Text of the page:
It seems that 100% of Chinese military scientists sent to overseas universities through this program returned to work for the PLA. These scientists then go on to win prizes for the excellence of their work in increasing PLA capability.

China’s National University of Defence Technology recommends that when choosing where to study overseas, military scientists’ first priority should be the relevance of the research direction of an overseas institution to their work for the PLA.

This Chinese military university tells researchers being placed in our universities that they should ‘fully take advantage of the cutting-edge research conditions and environment abroad’ and ‘map out the arrangements of their overseas research and their plans after returning to China’.

Chinese military researchers clearly benefit from the experience, skills and relationships they gain from their time in Australian and other international universities. Raising the capacity of PLA scientists in and of itself increases the military capability of China’s military.

China is not an adversary of Australia’s, but it is a country with a leadership with whom we do not share strategic interests. China’s militarisation of the South China Sea, its repression of its own citizens through mass surveillance and censorship of free speech, and internment of some one million of its Uyghur citizens in re-education camps show important differences between our two countries.

If the leadership in Beijing continues to use its growing military, political and economic power coercively at home and around the world, the strategic differences between China and Australia will only deepen.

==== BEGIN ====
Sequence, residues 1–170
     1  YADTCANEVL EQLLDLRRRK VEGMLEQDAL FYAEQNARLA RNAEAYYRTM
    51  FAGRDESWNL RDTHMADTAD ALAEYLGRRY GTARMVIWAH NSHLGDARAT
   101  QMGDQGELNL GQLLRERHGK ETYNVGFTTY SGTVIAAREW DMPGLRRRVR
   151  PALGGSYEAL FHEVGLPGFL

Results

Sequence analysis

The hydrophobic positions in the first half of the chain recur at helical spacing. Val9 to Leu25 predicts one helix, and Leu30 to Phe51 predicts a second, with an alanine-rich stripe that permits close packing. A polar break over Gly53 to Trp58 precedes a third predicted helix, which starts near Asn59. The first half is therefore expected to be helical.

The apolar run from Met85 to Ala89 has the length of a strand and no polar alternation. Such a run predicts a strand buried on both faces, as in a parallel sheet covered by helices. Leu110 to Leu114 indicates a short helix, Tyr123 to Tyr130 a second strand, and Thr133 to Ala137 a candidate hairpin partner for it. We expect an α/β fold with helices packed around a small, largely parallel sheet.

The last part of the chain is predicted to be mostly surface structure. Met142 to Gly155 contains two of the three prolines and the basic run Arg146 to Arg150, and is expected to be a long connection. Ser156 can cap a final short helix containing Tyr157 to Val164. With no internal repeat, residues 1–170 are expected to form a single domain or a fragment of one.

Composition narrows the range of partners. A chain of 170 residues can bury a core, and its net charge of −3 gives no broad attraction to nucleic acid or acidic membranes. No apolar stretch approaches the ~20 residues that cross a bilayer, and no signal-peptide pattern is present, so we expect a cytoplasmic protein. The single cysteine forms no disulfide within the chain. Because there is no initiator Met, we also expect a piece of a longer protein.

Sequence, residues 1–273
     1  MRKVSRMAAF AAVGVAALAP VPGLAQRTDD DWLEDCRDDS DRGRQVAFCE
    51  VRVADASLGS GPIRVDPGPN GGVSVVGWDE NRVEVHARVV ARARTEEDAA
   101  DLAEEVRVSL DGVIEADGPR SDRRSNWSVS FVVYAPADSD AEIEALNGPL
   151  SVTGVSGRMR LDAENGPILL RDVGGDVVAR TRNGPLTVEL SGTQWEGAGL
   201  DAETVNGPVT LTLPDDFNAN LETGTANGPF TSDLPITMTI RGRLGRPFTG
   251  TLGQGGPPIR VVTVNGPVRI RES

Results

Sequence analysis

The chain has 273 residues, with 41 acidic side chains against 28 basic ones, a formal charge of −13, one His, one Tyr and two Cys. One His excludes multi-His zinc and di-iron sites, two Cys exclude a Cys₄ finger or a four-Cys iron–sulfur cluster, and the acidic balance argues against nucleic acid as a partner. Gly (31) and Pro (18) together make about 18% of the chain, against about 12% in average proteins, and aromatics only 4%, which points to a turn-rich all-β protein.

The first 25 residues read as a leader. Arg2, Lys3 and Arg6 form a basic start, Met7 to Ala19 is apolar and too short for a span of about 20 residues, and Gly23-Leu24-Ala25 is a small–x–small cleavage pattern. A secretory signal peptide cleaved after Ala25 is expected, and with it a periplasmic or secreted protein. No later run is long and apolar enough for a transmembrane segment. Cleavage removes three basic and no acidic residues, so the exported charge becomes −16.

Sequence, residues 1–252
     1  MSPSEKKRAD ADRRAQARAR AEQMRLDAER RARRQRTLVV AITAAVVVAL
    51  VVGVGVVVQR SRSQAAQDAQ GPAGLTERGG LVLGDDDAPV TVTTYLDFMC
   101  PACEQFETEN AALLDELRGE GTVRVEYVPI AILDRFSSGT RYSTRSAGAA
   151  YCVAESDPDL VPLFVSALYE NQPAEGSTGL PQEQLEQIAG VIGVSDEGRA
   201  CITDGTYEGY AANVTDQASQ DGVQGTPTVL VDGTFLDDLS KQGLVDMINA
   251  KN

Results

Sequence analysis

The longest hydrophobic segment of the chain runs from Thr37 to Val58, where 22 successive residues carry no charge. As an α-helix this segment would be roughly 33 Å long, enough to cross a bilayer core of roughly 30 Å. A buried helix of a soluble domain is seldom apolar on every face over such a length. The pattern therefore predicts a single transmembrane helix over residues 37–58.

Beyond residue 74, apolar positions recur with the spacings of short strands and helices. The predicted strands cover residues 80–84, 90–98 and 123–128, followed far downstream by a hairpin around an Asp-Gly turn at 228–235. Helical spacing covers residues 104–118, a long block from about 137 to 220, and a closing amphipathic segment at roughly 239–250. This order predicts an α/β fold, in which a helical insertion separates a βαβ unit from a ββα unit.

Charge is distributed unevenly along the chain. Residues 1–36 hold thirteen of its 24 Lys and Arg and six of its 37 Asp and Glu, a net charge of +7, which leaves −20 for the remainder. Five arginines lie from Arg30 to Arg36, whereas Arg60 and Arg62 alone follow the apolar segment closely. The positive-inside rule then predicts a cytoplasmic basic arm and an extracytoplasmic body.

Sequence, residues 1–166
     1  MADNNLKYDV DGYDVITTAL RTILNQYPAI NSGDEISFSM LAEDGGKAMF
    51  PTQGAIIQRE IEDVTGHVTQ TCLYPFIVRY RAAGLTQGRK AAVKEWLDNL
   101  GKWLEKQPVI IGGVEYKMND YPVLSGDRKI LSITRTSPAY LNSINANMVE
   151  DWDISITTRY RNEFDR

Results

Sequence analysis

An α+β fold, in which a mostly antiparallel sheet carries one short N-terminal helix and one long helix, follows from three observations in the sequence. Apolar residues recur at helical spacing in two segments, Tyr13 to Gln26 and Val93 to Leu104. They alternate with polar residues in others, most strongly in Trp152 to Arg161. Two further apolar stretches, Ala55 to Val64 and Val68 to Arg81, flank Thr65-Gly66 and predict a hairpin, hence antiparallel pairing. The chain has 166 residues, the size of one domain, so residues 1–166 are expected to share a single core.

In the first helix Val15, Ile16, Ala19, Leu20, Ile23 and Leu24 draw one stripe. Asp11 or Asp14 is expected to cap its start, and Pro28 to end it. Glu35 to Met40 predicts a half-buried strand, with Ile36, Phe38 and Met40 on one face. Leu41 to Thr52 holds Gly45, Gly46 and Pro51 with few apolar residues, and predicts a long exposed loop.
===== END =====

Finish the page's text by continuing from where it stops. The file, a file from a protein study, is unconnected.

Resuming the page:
There is no clear government policy in Australia or internationally on university research cooperation with the Chinese military. Current defence controls are mainly backward-looking about technology—controlling systems and items that already exist—rather than about the creation of knowledge and new technologies with strong military uses.

Whatever our own scientists think, the PLA has judged that sending its best and brightest young scientists into our universities is a key way for it to gain a future advantage in warfighting.

We need to take that judgement seriously, and be very clear that it is not in Australia’s interests to help the Chinese increase their military capabilities—either by giving their military scientists skills and knowledge that allow them to create new systems for the PLA, or by the direct work they do with our own researchers.

We spend hundreds of millions of dollars protecting high-end military systems like the joint strike fighter, Collins-class submarine, Growler electronic attack aircraft and JORN over-the-horizon radar from compromise by the militaries of countries including China and Russia.

The research that led to the creation of these advanced platforms was undertaken in universities decades ago.

In the language of international technology and export-control machinery, the PLA is an end user that we should prevent from gaining access to the skills or knowledge that help it become a more capable military force, given we know that through Beijing’s civil–military fusion agenda, it seeks a strategic military advantage over the US and its allies (including us).

It’s not our job to help Beijing achieve this.

Research underway now in our universities will be the source of our future military advantage. At the moment, we aren’t doing anything like enough to protect that research so that Australia and our allies— instead of potential adversaries—reap the benefits.